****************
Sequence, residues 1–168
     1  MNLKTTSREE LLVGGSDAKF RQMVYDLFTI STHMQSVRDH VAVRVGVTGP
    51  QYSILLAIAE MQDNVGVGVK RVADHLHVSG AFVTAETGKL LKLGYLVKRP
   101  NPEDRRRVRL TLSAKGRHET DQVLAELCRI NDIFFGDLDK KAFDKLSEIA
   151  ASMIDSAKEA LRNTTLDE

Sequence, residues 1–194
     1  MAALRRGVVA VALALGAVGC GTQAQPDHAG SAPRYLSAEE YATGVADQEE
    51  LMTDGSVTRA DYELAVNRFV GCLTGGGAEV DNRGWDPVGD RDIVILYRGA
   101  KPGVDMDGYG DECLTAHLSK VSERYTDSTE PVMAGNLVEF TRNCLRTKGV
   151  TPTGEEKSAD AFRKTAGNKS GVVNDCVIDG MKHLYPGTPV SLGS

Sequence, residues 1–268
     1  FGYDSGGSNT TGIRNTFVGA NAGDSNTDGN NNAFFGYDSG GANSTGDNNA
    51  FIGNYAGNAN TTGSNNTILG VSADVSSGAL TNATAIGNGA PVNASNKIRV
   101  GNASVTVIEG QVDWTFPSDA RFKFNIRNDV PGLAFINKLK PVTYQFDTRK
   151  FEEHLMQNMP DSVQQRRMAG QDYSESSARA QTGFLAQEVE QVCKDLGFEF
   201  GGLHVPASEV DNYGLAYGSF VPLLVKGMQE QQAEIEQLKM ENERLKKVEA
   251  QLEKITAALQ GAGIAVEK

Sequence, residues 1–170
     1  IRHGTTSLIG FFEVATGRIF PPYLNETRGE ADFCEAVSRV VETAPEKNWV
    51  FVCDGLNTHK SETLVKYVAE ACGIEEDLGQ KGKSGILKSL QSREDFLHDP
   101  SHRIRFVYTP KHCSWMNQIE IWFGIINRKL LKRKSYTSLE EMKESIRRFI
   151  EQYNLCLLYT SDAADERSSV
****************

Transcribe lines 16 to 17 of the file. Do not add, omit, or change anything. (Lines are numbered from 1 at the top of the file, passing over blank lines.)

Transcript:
   201  GGLHVPASEV DNYGLAYGSF VPLLVKGMQE QQAEIEQLKM ENERLKKVEA
   251  QLEKITAALQ GAGIAVEK